World Leaders Meet to Encourage Global Collaborations


Elizabeth Bradley, Ph.D.
Faculty Director, GHLI/GHI
Master, Branford College


I was warned about the long train ride from Zurich and the icy walks in Davos, but nothing truly prepared me for the World Economic Forum. As a professor accustomed to more limited signs of power, I had never seen so many prime ministers, CEOs of mega-corporations, and global influencers in one place as last week nestled in the Alps.

The week was full of optimism. Nothing seemed too daunting, and the group tackled massive global problems with confidence. Dialogue about even grim challenges – the war on drugs, global climate change, and obesity – reflected a firm determination, guided by the silent and sure mantra, “We can do it!”

The Congress Center in Davos was pulsating with new ideas. Art and leadership are the same thing. We need a GPS for the soul. An eleven-year old in Pakistan knocking off straight A’s in advanced MIT physics courses online. You have to see this to believe it.

The Yale Global Health Leadership Institute (GHLI) presented its work on improving the supply chain in Tanzania for essential medicines, an endeavor of a public-private partnership between The Global Fund for AIDS, TB, and Malaria, The Coca Cola Company, The Gates Foundation, Accenture Development Partners, and Yale. As I watched academics, public health, big business, and high finance all in one space working on a common problem, I thought I was in a rarified environment of great hope and commitment.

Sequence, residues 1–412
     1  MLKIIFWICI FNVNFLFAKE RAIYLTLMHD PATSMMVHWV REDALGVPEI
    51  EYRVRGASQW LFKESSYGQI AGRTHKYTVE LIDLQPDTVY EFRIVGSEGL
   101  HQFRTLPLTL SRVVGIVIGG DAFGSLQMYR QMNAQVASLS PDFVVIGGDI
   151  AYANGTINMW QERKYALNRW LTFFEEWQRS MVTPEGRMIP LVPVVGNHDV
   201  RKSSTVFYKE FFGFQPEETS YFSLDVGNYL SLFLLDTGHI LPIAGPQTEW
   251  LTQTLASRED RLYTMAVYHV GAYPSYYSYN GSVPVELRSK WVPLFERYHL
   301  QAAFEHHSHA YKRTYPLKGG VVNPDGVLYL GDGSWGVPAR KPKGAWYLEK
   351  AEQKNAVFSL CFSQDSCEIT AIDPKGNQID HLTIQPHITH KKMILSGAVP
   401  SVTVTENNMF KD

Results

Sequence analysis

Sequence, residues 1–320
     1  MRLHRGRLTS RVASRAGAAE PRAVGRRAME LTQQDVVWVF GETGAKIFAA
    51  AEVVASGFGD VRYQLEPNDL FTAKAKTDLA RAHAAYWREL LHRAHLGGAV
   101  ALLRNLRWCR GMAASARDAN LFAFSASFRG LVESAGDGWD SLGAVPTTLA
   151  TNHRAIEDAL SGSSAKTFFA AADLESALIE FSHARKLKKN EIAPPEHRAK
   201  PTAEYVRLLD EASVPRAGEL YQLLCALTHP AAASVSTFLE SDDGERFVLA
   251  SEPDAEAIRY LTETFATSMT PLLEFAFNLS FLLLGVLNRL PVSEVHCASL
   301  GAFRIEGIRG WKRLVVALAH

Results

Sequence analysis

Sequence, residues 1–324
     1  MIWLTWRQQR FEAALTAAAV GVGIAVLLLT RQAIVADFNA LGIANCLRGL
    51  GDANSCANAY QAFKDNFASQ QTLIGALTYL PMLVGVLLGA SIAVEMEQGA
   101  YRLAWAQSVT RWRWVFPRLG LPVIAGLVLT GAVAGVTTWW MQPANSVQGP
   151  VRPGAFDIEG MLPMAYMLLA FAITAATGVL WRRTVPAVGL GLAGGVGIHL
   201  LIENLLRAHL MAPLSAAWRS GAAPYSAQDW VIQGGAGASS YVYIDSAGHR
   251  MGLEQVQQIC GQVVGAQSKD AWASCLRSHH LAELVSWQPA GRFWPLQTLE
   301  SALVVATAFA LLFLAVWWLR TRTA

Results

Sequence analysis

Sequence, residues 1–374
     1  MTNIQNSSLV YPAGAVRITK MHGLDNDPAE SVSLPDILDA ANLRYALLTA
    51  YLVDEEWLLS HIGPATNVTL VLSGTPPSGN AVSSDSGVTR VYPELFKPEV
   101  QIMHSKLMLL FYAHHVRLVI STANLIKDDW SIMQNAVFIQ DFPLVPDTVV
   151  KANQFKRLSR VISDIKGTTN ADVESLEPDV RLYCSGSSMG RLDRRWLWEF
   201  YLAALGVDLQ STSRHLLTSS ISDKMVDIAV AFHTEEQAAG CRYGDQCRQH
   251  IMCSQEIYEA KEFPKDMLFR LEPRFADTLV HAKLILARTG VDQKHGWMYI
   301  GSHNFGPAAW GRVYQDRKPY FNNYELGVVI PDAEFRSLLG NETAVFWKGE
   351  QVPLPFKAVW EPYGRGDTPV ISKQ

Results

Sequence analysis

The most exceptional session discussed the development of Sustainability Development Goals (SDGs) to replace the Millennium Development Goals. The General Secretary of the UN, Ban Ki-Moon, moderated the session with the great and beautiful – the likes of David Cameron, Bill Gates, Queen Rainia Al Abdullah. They asked for input on the SDGs, so I crowd sourced Branford College at Yale.

Here is the view from the 18-20 years old Yalies, who will someday populate the World Economic Forum themselves: 1) increase global internet access, 2) liberalize food trade policies, 3) redesign global power structures to be anti-fragile, 4) decrease global violence, 5) decrease rates of human and sex trafficking, 6) increase global response to natural disasters and climate change, 7) increase primary care, 8) improve early childhood care and education, 9) create sustainable living and urban environments, and 10) decrease corruption through increasing transparency. Selection of the SDGs will be hammered out by 2015. In the meantime with vision like this from the next generation, we should be optimistic.
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